Hope all is well by you!

    Can you fix the “From” of your emails being “” to your name or elementalmixology, or something?

    BTW, I still use my knowledge I gained from your class back in L.A.! Fantastic! If you are ever in Providence, RI, drop me an email or text me and we’ll go have a proper drink.

    Best regards,


    1. Hello Jacques,
      I will try to figure out how to change the “from” in the blog post notifications in WordPress. I just looked cursorily and failed. I will devote more time to that later.

  2. It might not be significant but, then again, it might. The page you posted from the Cinzano Cocktail book is in Spanish, not Italian. That doesn’t invalidate your argument but it weakens it. Since it originates from an Italian company, it probably reflects their position. However, there is a small chance that it was prepared for a market that had different tastes.

    1. Thank you! I don’t know how I missed that. Scanning for ingredients and measurements, I should have noticed that it was a little too easy for me to understand. I have a working-process familiarity with both Latin and Spanish, but less-so with Italian. I have modified the article accordingly.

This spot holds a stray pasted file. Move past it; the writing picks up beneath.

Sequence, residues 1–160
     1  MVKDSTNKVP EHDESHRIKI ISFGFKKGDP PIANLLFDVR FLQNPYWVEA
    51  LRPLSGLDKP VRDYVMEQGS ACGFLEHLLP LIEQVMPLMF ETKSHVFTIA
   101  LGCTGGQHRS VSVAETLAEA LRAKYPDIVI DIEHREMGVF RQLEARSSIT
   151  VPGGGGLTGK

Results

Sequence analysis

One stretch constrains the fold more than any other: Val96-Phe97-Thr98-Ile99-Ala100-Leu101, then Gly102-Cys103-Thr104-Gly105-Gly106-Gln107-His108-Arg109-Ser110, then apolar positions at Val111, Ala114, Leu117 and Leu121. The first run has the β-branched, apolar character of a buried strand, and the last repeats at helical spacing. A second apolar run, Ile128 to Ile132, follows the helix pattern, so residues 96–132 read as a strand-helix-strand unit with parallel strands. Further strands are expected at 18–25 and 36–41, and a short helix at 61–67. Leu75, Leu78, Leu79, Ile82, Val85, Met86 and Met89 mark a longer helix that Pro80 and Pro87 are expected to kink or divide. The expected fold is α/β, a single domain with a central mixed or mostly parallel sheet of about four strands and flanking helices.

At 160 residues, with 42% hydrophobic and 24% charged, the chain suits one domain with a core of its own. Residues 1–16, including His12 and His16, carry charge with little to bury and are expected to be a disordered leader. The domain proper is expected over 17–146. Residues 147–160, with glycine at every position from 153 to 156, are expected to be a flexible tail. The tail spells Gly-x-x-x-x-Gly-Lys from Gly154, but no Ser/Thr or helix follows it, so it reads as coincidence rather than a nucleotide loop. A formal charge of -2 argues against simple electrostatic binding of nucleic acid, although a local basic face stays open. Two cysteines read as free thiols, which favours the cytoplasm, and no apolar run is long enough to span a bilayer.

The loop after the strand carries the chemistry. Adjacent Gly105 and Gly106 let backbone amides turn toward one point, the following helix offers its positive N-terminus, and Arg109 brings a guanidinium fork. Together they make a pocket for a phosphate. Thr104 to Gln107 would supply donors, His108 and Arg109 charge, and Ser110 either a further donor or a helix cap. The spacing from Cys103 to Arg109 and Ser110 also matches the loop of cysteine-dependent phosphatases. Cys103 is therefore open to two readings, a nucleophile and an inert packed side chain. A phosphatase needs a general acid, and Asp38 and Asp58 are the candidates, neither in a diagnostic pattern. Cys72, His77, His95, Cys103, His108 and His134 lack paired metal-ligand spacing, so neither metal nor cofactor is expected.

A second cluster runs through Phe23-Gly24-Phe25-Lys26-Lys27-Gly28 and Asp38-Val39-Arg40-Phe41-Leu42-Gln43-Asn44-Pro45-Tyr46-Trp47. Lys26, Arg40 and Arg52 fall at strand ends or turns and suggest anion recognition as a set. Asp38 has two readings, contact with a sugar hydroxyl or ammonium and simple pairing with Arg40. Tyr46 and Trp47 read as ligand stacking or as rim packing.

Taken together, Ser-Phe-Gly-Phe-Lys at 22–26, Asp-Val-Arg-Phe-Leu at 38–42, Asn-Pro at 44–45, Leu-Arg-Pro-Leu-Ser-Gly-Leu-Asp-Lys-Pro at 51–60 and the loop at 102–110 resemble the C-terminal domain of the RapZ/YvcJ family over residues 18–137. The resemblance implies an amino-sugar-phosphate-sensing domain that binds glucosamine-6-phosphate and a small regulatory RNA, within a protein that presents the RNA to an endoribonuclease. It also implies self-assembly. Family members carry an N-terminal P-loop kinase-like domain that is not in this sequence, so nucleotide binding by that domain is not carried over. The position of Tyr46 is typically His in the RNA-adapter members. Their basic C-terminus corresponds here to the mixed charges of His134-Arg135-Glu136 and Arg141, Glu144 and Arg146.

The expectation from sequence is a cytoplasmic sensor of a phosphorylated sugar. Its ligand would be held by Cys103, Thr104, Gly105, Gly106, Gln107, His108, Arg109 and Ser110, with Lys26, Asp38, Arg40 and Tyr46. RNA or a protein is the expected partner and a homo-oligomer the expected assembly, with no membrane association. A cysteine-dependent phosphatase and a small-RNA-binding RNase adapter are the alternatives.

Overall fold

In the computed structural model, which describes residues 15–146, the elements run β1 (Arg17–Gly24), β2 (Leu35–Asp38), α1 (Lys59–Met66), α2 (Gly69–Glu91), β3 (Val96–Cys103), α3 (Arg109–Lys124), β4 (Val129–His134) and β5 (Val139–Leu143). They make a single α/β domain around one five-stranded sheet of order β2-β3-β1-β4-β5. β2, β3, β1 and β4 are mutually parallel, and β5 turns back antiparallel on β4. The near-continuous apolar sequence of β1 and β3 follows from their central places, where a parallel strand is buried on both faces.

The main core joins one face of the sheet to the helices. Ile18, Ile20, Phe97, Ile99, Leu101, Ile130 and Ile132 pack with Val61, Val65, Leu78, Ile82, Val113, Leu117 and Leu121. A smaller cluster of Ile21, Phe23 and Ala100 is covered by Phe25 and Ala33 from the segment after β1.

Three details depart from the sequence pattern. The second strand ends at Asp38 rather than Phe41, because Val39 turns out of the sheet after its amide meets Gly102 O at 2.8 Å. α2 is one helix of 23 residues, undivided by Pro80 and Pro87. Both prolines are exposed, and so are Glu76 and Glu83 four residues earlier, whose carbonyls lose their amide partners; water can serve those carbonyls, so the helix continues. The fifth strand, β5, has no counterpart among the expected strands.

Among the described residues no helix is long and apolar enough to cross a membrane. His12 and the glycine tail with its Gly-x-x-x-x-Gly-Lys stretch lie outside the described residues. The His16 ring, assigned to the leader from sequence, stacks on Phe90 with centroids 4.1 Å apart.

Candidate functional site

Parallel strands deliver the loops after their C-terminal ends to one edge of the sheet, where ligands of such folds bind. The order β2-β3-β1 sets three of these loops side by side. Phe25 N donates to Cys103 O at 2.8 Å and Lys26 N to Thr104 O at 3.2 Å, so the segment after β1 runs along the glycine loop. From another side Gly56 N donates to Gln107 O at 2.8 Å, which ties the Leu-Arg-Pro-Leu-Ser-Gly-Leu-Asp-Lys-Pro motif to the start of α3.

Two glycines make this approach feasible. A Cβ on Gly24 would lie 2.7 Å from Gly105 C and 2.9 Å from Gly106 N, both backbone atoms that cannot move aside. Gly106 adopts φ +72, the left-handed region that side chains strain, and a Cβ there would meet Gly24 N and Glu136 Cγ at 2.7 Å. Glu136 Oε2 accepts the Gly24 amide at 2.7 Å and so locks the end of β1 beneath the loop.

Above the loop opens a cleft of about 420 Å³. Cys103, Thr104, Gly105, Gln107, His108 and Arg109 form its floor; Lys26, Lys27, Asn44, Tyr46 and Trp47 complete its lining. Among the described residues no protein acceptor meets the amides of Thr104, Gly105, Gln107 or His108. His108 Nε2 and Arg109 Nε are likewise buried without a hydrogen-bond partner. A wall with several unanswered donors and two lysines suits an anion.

3. Yes, but the fact that there are both American (U.S.A.) and Italian drinks throughout the book would make it very odd that the drink people think of as ‘the Negroni’ today existed as a known Italian drink would be excluded while equally non-Argentine staples of the U.S.A., Italy and Britain, such as the Americano (two versions), Gin Fizz, Brandy Daisy, Torino Cocktail, Perfect Cocktail, Brandy Sour, Brandy Fizz, Gin Fizz, Saratoga Cocktail, Genovese Cocktail, and on and on, are included. The conclusion is clear. The drink we think of when we say “Negroni” is really a drink in essence first called the Camparinete. The original Negroni of the late 1940’s in Italy was made with something like 3 fl-oz. of vermouth wine, 0.5 fl-oz. each of gin and Campari, with about 1.5 fl-oz. of soda water and served on the rocks as a ‘spritz’ which is simply the Italian re-naming of the English cup. It shows fascinating migration from the Anlgo-Italian form of a cup or spritz to the American form of a cocktail, as we know the drink today ― making it essentially the same as the older Camparinete Cocktail that I suspect was originally made in either Paris of the 1920’s, or perhaps even in North Beach San Francisco or New York or some other part of the U.S.A. where Italian was understood just before 1920. Campari bitter was used in other true cocktails in the U.S.A. back into the 1890’s. Like the famous Martini Cocktail of the same time period, the Camparinete (or, Negroni, if we must) is based on gin and sweetened with vermouth wine and bittered. The Camparinete just uses a different bitters, Campari. The mythology and assumed historicity of the so-called Negroni is a great example of how we stopped understanding the mixological meaning of the word cocktail and how changing terms causes us to create and believe in new narratives.